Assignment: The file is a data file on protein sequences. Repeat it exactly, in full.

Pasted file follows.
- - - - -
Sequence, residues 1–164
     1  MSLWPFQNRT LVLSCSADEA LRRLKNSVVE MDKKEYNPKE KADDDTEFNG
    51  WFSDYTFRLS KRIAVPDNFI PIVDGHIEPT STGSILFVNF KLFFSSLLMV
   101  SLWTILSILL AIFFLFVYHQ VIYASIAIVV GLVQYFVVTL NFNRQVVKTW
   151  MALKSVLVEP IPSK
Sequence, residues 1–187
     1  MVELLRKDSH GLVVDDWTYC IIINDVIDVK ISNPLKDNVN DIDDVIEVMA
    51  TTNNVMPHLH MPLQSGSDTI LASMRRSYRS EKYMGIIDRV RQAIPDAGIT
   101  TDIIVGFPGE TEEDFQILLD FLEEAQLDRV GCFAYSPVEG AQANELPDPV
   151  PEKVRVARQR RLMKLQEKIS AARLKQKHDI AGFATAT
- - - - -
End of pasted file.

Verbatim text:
Sequence, residues 1–164
     1  MSLWPFQNRT LVLSCSADEA LRRLKNSVVE MDKKEYNPKE KADDDTEFNG
    51  WFSDYTFRLS KRIAVPDNFI PIVDGHIEPT STGSILFVNF KLFFSSLLMV
   101  SLWTILSILL AIFFLFVYHQ VIYASIAIVV GLVQYFVVTL NFNRQVVKTW
   151  MALKSVLVEP IPSK
Sequence, residues 1–187
     1  MVELLRKDSH GLVVDDWTYC IIINDVIDVK ISNPLKDNVN DIDDVIEVMA
    51  TTNNVMPHLH MPLQSGSDTI LASMRRSYRS EKYMGIIDRV RQAIPDAGIT
   101  TDIIVGFPGE TEEDFQILLD FLEEAQLDRV GCFAYSPVEG AQANELPDPV
   151  PEKVRVARQR RLMKLQEKIS AARLKQKHDI AGFATAT